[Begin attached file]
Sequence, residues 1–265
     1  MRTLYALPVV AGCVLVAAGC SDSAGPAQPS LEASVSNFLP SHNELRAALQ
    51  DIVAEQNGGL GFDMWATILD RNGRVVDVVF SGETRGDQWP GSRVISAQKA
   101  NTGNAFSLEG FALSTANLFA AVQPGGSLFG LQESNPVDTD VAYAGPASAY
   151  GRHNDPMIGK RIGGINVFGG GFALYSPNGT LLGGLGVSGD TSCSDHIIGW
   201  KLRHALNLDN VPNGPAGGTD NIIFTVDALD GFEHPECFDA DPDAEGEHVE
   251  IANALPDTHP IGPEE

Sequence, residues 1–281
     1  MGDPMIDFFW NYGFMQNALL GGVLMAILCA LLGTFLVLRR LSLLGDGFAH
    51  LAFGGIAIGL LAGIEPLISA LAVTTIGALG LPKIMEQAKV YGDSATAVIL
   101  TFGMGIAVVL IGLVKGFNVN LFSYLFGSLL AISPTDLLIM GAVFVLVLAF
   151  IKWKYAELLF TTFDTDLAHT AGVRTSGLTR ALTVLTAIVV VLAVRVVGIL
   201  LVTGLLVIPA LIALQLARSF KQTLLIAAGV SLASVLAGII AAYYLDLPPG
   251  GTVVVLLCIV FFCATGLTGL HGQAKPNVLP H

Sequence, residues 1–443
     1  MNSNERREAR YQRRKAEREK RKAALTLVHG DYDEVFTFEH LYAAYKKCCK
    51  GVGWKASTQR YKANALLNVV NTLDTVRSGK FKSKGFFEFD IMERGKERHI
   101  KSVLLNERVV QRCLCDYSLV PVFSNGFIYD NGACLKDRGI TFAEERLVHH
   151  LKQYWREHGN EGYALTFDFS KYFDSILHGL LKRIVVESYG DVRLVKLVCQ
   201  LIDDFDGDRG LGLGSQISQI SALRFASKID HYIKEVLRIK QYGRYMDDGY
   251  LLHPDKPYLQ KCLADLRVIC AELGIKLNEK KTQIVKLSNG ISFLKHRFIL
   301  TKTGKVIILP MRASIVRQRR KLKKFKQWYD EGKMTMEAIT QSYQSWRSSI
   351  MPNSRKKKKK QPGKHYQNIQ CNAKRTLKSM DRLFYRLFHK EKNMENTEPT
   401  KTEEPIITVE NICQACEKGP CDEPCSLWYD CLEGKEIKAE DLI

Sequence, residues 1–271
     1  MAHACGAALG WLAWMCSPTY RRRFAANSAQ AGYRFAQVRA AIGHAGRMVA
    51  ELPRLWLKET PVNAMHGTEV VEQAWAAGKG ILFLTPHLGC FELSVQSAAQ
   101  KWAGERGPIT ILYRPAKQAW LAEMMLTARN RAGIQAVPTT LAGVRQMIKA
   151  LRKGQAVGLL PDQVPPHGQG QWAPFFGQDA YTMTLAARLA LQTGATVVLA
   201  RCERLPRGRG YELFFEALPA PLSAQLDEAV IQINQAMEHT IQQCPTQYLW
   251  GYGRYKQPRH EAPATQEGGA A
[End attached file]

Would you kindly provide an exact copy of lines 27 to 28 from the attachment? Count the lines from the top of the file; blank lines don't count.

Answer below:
    51  ELPRLWLKET PVNAMHGTEV VEQAWAAGKG ILFLTPHLGC FELSVQSAAQ
   101  KWAGERGPIT ILYRPAKQAW LAEMMLTARN RAGIQAVPTT LAGVRQMIKA